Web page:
In the current study, we selected PAC as the tracer for several reasons: (1) its strong adsorption because of its rich pore-like structures. (2) it’s extremely high biosecurity for clinical practice.32 In addition, PAC is often available in the pharmacy and Emergency room of health care institutions; and it can easily be obtained from the online store. Therefore, it can safely and conveniently be used as a tracer in hand-washing training to correct hand-washing defects. This is especially relevant considering the current environment and the COVID-19 pandemic.
In order to ensure hand washing compliance, it was necessary to survey the acceptance of the trainees toward hand hygiene training. A questionnaire survey was considered a good feedback tool for examining training acceptance and effectiveness.33 According to the survey results, hand washing training that utilized PAC performed well in terms of deepening subjects’ interests and understanding of hand-washing, therefore helping improve hand-washing technique. This positive feedback result could be credited to the real-time visual display of the PAC tracing method to hand-washing defects. Visualized teaching and training through the implementation of tracers help trainers and the trainees to see the errors that occur during the training, and by this provide appropriate solutions to the errors. In this study, PAC performed noticeably well in achieving the goal of highlighting the errors that occur during the hand-washing process. Subjects also reported very few side effects associated with PAC, with satisfactory high acceptance rate. The main complaint conveyed by the subjects was the deposition of carbon residues in the nail grooves. We intend to use this method in the future for hand hygiene training. In order to confirm the efficacy and the results we found in the initial training while using the PAC tracer, we have carried out bacterial cultures of different parts of the hand after the hand hygiene training. The results from the bacterial culture will be used to improve the hand washing training process as by PDCA principle.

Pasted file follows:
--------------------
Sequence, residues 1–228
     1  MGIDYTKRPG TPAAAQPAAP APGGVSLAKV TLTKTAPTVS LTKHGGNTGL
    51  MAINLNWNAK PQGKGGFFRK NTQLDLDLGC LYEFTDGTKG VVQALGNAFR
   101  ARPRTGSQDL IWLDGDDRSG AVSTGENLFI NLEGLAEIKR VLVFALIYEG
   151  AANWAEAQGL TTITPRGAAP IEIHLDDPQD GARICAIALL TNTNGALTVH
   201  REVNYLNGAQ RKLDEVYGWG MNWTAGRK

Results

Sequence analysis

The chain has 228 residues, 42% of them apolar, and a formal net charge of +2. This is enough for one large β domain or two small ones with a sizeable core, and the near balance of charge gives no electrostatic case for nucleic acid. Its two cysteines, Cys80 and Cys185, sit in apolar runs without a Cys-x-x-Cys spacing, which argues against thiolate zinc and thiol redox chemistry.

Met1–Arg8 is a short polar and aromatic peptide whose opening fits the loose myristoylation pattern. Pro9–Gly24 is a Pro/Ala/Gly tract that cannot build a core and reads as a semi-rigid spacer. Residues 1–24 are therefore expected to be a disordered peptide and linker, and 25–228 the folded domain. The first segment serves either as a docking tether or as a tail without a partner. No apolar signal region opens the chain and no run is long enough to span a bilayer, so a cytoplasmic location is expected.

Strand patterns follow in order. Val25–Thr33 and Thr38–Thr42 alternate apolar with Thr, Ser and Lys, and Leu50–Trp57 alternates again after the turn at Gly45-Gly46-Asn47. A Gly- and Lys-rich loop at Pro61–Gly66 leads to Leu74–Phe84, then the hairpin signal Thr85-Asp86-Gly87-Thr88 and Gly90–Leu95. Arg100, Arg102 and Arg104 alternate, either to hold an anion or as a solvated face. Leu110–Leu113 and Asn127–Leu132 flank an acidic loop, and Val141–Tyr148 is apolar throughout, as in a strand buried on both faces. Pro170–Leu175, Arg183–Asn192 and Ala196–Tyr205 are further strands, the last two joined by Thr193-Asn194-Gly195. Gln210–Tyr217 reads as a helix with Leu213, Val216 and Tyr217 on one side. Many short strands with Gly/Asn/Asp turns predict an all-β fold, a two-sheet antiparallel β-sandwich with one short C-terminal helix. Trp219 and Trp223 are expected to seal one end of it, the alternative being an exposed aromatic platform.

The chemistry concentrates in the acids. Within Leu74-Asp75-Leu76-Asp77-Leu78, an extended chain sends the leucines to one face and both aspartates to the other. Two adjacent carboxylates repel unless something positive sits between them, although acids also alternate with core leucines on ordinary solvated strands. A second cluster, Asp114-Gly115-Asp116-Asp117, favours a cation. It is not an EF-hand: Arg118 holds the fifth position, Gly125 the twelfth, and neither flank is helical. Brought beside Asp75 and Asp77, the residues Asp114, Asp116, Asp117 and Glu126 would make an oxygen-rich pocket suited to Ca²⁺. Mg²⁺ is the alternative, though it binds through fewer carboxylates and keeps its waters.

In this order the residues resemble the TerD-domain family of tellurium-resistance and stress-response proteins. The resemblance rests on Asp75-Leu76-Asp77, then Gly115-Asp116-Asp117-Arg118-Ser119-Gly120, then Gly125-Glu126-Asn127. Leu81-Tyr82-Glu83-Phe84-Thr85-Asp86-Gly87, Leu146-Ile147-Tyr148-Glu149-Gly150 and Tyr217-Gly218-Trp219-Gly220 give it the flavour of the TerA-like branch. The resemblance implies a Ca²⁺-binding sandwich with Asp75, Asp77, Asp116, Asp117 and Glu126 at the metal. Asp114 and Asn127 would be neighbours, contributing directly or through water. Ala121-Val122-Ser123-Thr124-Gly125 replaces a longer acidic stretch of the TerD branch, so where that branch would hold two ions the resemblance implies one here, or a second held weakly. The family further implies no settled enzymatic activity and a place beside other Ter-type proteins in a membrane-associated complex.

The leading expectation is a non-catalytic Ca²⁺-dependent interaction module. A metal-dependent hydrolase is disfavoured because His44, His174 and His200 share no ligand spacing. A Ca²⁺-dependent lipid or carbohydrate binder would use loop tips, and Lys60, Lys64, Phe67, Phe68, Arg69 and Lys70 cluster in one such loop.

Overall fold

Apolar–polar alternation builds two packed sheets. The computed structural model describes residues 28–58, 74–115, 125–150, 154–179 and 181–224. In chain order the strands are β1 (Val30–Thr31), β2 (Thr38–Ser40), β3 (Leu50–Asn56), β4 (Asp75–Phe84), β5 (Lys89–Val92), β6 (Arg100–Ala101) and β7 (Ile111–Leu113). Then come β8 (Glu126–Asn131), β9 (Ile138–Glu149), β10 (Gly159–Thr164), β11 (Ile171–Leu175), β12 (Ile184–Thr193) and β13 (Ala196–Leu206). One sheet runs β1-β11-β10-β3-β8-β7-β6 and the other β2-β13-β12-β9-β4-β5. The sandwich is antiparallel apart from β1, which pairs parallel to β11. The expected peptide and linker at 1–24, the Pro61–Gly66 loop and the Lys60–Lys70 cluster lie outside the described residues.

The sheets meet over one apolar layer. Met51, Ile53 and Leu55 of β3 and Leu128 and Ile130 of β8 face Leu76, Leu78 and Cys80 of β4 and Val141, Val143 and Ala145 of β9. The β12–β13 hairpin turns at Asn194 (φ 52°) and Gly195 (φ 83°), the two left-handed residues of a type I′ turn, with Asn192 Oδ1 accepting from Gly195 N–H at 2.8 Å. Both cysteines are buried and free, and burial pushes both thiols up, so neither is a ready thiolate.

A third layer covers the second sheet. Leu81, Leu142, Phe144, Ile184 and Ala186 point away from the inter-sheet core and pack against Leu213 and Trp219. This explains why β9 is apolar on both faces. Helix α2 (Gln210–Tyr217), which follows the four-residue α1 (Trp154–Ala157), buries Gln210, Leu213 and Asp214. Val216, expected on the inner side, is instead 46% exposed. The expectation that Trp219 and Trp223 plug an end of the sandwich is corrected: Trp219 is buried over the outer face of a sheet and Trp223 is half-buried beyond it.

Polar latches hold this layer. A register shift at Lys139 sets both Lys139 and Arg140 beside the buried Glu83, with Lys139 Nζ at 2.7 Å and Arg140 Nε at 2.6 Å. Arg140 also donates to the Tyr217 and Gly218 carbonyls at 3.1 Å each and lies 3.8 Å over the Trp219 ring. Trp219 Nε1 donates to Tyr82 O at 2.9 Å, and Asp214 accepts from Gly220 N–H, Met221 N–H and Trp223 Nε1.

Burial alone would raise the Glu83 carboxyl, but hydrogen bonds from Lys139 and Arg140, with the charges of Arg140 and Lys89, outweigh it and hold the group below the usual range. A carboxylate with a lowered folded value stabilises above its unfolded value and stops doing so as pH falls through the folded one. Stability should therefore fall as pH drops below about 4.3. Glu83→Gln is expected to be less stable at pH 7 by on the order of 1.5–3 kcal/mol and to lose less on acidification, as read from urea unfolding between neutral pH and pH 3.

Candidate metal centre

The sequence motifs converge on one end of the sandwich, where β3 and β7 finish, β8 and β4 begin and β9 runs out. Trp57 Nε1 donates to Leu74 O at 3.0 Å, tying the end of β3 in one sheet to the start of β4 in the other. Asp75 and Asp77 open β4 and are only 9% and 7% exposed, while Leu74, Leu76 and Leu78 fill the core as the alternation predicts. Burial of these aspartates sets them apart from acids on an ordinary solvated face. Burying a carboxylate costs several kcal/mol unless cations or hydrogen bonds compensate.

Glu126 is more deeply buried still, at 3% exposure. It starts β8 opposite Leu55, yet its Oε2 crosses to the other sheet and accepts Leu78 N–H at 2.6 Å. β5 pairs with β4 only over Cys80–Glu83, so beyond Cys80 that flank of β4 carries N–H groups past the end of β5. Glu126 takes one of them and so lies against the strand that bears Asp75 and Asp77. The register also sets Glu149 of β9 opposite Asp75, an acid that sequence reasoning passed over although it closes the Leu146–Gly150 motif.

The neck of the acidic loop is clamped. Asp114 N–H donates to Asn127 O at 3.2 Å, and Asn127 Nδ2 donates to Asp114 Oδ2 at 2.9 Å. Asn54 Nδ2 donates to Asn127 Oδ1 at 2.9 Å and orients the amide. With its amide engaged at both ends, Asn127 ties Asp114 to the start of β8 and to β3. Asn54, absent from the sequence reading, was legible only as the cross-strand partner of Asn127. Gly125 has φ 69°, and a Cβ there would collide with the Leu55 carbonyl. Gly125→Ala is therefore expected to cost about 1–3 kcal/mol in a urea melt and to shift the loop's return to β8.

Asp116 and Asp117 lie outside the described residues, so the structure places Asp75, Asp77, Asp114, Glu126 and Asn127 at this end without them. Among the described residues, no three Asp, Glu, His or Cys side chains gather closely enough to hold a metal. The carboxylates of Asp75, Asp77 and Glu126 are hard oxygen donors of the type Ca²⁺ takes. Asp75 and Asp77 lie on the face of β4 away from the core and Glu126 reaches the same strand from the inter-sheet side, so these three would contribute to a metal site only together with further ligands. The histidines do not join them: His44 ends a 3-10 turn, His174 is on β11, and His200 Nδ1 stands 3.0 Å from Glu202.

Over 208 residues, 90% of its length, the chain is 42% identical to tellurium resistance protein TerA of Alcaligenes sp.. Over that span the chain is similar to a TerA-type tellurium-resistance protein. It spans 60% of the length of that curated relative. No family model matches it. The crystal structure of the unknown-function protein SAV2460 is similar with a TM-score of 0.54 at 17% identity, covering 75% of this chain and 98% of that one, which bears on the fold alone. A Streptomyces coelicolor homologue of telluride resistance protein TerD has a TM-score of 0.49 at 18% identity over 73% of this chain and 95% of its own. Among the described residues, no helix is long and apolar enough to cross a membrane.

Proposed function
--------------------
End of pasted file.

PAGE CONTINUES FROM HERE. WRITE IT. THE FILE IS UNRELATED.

Despite all its merits, this study is not without its limitations. The particle size of PAC in different medical institutions is not the same, so it remains unclear whether a uniform training outcome can be achieved. In addition, this study cannot verify whether the areas with PAC residues can also be correlated as areas with probable bacteria; therefore, there is a need for further investigation by methods like the use of bacterial culture.
PAC tracing method can visually display hand-washing defects, thereby significantly improving the quality of hand-washing training. The back of the hand is more prone to hand-washing defects. The training method had a good acceptance rate, as well as a good safety profile.
This work was supported by the Science Foundation of Liaoning Education Department (FWZR2020012); 345 Talent Project of Shengjing Hospital.
The authors report no conflicts of interest related to this work.